Avoid Pesky Hitchhikers

What does a bed bug look like?The newspaper headlines say it all, “Guests bitten by bedbugs in upscale hotel.” Ick!


Bed bugs, Cimex lectularius (Cimicidae), are small, wingless insects that feed on the blood of warm blooded-animals like humans. And they’ve become one of the dirty little secrets of traveling. According to research entomologist and national bed bug expert, Jeffrey White of BedBug Central, the risk of exposure to bed bugs rises during the peak holiday travel seasons.

Hotels, airplanes, buses, clothing can all become infested with the little critters. You can bring bed bugs home as stowaways in your luggage or on your clothing. Recently, a number of posh hotels in Manhattan underwent an epidemic of bed bugs.

The bugs feed on people while they sleep. You supply them with blood in a painless way and may never even know it is happening. When you wake in the morning, you may find tiny red bumps or welts, similar to mosquito or flea bites.

Bed bugs are tiny and can be hard to spot. The hatchlings or nymphs, are tiny, about the size of a poppy seed; adults tend to be ¼ of an inch long. If you look carefully, you may see them as flat, oval little bugs.

Picture of Luggage

Don't let your luggage carry home unwanted beg bugs.

You don’t want them chewing on you and you don’t want to bring them home with you as an unwanted travel souvenir. Here’s some advice from the experts at BedBug Central to keep those pesky bugs out of your travel plans.

Before You Leave:
Encase your home mattresses and box-springs.This proactive step will prevent bed bugs from getting inside your mattresses and box springs and will aid in the early detection if you accidentally bring bed bugs into your home. Be sure the encasements are beg bug-proof (many exterminators sell these). When you return home, you will want to periodically inspect these encasements.

When You Arrive

Keep your distance. Physical barriers are a great deterrent against bed bugs. When you arrive at a hotel keep your luggage closed and away from bed bug prone areas such as the bed, closets, nightstands and furniture. Most hotel rooms have luggage racks, so use them. (This may be the single most important thing you can do as a traveler to prevent these unwanted hitchhikers.)

Conduct a basic visual inspection of the hotel bed. Well-established bed bug infestations may be detected by pulling back the bed linens and checking the visible edges of the mattress and box spring. You are looking for evidence of live bugs, dark brownish to black spots/stains or shed skins from bed bugs. This is a simple way to find the bugs, before you get into bed.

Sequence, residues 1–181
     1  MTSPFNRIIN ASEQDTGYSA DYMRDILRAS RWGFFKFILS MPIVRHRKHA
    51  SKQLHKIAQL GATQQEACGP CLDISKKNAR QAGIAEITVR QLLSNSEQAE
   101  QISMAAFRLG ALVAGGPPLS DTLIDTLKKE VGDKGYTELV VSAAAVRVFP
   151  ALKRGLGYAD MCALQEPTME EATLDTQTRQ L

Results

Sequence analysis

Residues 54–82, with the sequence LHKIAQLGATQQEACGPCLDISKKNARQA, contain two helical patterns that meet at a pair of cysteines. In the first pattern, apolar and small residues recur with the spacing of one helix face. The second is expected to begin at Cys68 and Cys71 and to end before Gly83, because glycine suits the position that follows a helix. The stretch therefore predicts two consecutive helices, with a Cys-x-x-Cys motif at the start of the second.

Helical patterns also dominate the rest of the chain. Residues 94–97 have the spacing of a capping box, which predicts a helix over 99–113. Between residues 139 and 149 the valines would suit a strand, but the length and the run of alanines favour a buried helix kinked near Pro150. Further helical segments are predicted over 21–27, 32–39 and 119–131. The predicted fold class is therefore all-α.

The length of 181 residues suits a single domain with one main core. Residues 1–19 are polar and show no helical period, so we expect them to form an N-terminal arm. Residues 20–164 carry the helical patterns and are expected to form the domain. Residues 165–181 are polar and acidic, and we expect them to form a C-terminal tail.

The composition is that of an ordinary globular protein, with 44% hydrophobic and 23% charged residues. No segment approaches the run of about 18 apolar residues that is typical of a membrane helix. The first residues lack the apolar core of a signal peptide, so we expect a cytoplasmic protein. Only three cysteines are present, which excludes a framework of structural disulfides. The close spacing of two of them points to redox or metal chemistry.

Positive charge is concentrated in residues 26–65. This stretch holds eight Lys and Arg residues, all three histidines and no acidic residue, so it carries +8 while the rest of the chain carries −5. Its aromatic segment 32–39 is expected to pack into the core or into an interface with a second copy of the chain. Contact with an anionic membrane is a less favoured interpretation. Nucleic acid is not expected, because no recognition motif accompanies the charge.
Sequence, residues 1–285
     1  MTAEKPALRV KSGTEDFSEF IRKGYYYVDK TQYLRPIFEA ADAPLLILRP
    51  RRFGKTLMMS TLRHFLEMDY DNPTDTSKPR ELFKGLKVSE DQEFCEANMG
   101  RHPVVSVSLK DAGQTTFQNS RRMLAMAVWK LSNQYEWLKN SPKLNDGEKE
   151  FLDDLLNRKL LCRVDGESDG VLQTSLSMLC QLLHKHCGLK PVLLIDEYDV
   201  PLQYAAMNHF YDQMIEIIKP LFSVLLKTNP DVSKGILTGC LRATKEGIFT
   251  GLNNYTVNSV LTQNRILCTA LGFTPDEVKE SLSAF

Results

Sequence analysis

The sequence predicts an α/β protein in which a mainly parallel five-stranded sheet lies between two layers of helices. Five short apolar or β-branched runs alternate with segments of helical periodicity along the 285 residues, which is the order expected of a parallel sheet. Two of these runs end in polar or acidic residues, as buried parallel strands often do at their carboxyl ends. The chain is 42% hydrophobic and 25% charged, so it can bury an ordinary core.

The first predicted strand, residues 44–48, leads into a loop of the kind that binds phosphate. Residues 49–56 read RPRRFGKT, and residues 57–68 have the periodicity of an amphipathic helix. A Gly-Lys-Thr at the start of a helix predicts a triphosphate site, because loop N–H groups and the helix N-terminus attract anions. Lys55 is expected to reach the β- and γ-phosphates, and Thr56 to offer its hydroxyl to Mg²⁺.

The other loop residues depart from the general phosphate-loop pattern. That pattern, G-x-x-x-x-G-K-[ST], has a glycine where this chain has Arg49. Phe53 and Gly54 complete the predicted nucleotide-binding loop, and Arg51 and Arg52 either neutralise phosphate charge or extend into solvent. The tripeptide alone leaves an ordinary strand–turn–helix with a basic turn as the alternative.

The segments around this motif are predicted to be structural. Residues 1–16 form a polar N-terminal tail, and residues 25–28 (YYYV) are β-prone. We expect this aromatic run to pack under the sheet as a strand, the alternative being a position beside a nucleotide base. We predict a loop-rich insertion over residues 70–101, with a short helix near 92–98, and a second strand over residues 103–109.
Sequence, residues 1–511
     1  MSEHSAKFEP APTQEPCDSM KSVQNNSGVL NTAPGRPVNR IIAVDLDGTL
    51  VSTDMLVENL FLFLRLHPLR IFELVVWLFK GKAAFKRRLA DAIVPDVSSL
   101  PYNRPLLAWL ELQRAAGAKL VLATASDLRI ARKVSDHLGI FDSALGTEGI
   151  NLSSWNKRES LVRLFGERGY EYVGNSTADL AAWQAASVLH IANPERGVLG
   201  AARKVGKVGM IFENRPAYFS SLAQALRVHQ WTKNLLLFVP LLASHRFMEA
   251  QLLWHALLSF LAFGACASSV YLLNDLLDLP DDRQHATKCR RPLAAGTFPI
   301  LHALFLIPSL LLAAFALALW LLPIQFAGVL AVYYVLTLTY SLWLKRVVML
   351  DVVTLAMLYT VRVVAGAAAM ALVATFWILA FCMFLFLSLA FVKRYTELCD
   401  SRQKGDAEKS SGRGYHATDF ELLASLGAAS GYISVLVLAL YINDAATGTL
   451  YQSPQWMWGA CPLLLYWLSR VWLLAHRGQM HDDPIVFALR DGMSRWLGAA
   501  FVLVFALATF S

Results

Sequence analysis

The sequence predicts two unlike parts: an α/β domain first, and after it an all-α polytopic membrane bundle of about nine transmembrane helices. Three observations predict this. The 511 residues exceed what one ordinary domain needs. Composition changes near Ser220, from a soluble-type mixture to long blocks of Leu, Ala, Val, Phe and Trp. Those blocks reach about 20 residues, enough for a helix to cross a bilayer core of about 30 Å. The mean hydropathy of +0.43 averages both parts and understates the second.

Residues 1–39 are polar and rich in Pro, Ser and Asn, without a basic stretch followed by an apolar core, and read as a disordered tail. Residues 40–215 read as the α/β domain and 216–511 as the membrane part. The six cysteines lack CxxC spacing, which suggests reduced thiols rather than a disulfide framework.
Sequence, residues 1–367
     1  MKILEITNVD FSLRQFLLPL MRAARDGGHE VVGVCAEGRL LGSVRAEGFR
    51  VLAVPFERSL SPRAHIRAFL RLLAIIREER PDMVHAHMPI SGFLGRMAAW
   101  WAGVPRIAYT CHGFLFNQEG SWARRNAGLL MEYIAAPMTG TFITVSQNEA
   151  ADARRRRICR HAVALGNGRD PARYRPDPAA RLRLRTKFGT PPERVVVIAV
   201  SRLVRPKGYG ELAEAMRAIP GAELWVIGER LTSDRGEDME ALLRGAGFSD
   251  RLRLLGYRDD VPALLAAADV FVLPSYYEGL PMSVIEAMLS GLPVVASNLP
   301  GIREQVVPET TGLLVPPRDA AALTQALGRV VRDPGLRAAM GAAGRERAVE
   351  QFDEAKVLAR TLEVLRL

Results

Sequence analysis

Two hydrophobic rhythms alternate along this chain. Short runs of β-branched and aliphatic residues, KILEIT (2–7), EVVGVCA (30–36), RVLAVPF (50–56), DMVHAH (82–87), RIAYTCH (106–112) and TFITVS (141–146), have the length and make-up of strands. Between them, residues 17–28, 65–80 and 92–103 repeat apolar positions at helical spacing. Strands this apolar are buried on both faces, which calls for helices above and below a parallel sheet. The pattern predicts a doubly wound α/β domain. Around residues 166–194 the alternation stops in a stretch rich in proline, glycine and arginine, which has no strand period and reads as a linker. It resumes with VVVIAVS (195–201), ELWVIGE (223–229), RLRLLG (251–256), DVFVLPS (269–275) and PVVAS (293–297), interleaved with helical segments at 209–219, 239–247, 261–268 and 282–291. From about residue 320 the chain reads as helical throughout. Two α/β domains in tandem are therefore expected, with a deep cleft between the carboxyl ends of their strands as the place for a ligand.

Coming Home:

Head straight for the laundry room. When you arrive home, immediately launder your clothing in hot water and dry in a hot dryer. Sustained temperature of 120 degrees F. or higher will kill all stages of bed bugs. If you need to carry your luggage through your home to get to the laundry room, consider using dissolvable laundry bags as a way to safely transport potentially-infested clothing. These bags, available from exterminators or retailers that specialize in dealing with bed bugs can prevent the bugs from dropping off throughout the house. If you’re a frequent traveler, consider a portable heating unit that’ll treat your entire suitcase.

Giant Bed Bug

Once bed bugs get into your home, they can be difficult to eradicate. Call a professional.

Leave it to a pro. Bed bugs are a complex pest and self-treating often leads to complicating and even spreading an infestation. This will add a hefty price tag to what may have been a small job. If you think you have bed bugs, contact a pest management firm trained in bed bug treatment.

Get educated—These basic tips are a great starting point, but they are not comprehensive. If you want to learn more, check out this bed bug resource

Bobbie Hasselbring, RFT Editor

RFT co-founder Bobbie Hasselbring has been a travel junkie her entire life. An award-winning writer and editor for more than 25 years and author of the regional food-travel bestsellers, The Chocolate Lover’s Guide to the Pacific Northwest and The Chocolate Lover’s Guide Cookbook, Bobbie is editor-in-chief at